10 STEPS for climbing to greater heights

Date: January 9, 2005
Publication: St. Louis Post-Dispatch (MO)
Section: Business
Edition: Five Star Lift
Page: F07

Jim Collins, in the best-selling book "Good to Great: Why Some Companies Make the Leap . . . and Others Don't," tells a story about Darwin Smith, a little-known leader of a well-known company, Kimberly-Clark. For a century, Kimberly-Clark languished in mediocrity with most of its business in traditional paper mills. Then, a mild-mannered gentleman took the reins and realized that the company's best shot at greatness was in paper-based consumer goods, a sector in which it had a side business called Kleenex. Like the general who burned the boats upon landing, leaving no retreat for his soldiers, Smith sold the traditional mills and threw proceeds into the consumer business. Today, it's No. 1 worldwide in paper-based consumer products. Of course, there was no guarantee that Kimberly-Clark would succeed in the consumer business, but the demonstration of action amid uncertainty is the lesson. There are no guarantees in anything we do. But the lack of a guarantee is the urge we need to go from where we are to where we want to be. As we begin 2005, these are 10 ways to reach the next level:

1. SET NEW GOALS Focus your efforts on quantum-leap innovations and ideas, which go beyond incremental improvements. What you've done in the past is good, but what are you going to do in the future? The goals you set should require that you stretch your professional acumen and contribution to your organization.

2. FIND THE URGENCY FOR ACTION This demands a recommitment to excellence that would enhance the organization's market position and profitability.

3. SEEK NEW CHALLENGES Dedicate yourself to seek challenges even if the odds of success are less than 20 percent. This year should be your opportunity to set and achieve goals that aren't within easy reach.

4. BELIEVE IN YOUR GOALS Instead of second-guessing yourself, embrace the notion that the right decision is the one you believe in. Recognize that success is up to you.

5. DON'T ALLOW MEMORIES T* BE GREATER THAN DREAMS You've failed in the past. So what? This year, focus on purpose and not on avoiding failure. A road without potholes is a road not worthy of the journey.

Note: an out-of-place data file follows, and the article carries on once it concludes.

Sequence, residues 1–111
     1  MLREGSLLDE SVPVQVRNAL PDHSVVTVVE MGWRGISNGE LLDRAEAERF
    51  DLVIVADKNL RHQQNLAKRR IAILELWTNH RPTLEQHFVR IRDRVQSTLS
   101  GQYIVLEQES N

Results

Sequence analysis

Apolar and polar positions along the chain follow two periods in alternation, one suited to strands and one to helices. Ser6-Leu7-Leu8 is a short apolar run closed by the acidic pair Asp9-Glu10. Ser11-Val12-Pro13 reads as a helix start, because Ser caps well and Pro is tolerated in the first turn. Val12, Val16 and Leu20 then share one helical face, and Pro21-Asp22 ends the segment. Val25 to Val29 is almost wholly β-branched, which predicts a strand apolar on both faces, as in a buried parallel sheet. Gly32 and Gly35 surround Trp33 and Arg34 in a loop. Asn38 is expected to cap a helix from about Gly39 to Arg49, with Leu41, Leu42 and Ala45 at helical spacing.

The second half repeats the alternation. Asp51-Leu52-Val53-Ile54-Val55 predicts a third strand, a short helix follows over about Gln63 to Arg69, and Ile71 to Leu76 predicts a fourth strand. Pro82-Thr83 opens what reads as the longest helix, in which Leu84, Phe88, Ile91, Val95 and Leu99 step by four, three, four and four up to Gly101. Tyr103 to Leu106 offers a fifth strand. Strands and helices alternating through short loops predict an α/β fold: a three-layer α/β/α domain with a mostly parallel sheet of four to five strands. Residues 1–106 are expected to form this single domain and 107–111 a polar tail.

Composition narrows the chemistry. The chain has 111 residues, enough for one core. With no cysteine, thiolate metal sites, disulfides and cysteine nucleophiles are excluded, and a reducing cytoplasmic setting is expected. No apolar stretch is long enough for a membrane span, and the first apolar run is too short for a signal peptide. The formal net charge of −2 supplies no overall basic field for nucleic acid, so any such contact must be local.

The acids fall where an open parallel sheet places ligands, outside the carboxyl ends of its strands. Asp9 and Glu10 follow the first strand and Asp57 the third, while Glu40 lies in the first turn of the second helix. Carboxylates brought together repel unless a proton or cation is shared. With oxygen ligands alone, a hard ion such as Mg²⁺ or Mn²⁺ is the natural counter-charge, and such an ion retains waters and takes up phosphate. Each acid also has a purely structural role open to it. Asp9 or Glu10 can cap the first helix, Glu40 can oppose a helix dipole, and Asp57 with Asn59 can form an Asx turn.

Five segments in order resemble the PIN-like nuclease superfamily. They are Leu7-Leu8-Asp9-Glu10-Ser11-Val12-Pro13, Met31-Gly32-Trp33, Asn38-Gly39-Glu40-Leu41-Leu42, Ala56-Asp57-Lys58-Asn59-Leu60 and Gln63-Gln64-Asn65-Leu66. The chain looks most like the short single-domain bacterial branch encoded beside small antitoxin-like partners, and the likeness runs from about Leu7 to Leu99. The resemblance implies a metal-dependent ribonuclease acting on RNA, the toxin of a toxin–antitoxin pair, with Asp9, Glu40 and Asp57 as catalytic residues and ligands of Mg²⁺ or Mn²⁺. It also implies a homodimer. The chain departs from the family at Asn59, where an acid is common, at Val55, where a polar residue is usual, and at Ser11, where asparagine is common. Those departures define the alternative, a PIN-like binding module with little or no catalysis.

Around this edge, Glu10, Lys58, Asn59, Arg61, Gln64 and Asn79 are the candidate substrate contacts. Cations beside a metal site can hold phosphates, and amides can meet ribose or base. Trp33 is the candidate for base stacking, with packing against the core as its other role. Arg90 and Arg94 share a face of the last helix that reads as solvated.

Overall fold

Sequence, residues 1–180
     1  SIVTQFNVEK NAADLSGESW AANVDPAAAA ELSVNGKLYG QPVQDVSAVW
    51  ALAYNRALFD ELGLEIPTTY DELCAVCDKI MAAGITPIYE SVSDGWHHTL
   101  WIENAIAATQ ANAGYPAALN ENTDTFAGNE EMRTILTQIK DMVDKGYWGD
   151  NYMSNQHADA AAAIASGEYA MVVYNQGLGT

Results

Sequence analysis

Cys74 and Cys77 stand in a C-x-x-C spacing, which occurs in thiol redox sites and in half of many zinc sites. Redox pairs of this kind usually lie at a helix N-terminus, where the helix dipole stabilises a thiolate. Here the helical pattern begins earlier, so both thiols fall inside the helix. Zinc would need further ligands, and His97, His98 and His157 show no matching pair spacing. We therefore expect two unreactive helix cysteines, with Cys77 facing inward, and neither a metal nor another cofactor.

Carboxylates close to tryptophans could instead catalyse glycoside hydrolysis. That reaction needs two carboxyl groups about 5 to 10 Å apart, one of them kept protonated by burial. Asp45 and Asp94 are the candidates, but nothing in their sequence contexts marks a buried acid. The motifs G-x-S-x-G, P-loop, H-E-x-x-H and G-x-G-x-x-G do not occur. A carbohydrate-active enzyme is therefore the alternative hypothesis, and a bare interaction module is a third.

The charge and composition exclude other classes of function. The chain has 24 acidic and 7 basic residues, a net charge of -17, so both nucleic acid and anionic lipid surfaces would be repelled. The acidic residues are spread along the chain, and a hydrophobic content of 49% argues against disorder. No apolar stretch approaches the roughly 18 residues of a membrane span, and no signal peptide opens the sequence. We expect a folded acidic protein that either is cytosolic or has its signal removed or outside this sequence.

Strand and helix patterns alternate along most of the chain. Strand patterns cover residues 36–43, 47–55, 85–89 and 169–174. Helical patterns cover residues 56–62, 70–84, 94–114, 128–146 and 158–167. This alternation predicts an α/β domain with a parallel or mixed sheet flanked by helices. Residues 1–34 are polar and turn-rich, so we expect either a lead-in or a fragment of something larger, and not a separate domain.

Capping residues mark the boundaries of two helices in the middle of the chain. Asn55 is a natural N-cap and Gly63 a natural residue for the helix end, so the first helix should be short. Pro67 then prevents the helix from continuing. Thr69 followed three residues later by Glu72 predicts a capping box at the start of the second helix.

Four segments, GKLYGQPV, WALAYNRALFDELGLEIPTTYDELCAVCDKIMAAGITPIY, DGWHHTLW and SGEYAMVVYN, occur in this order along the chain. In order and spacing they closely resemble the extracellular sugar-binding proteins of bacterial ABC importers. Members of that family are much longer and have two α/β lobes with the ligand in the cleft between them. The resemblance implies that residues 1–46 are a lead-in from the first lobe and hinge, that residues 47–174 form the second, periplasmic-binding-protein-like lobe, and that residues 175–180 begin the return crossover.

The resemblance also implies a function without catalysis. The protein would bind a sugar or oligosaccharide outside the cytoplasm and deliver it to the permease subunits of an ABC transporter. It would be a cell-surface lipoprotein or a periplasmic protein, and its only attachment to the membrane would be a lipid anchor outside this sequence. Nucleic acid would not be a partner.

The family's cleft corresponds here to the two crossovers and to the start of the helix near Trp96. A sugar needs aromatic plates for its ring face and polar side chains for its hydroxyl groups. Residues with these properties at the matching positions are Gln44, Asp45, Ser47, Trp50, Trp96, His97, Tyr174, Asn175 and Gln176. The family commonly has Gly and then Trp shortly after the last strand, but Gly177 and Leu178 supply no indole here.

6. LEAD FROM WHERE YOU ARE Dedicate yourself to become a contributor to your organization by taking responsibility for its success. You might not have the title or position of a leader, but leadership can be exercised at any level if you're invested in the work.

7. STRIVE T* OVERCOME INTERNAL THREATS The greatest threat to your success isn't necessarily the competition. The biggest challenge can be internal. It's the willingness to tolerate a commitment level to remain at room temperature.

8. RECOMMIT YOURSELF T* BECOME RESULT-BASED You can't continue to do the same thing and hope for better results. The new year should be the point of departure when you set aside the practice of playing it safe and doing just enough to get by.

9. REDISCOVER YOUR PASSION Find a way to apply the same passion and sense of conviction to your job that you have for your favorite hobby.

10. BE JOLLY Keep a sense of humor. Laugh, smile and develop a wrinkle on your face as a result of habitual laughter. And for those of you who had your share of failures last year, I leave you with this advice: We learn more from our failures than from our successes. Failure is the call for action, resurgence and tenacity. Those of us old enough to reconcile the prejudice of experience with the enthusiasm of youth can take a risk-informed approach to breaking the shackles of failure-induced fear and strengthening the conditions for self-esteem. We get up, dust ourselves off and go back into the game.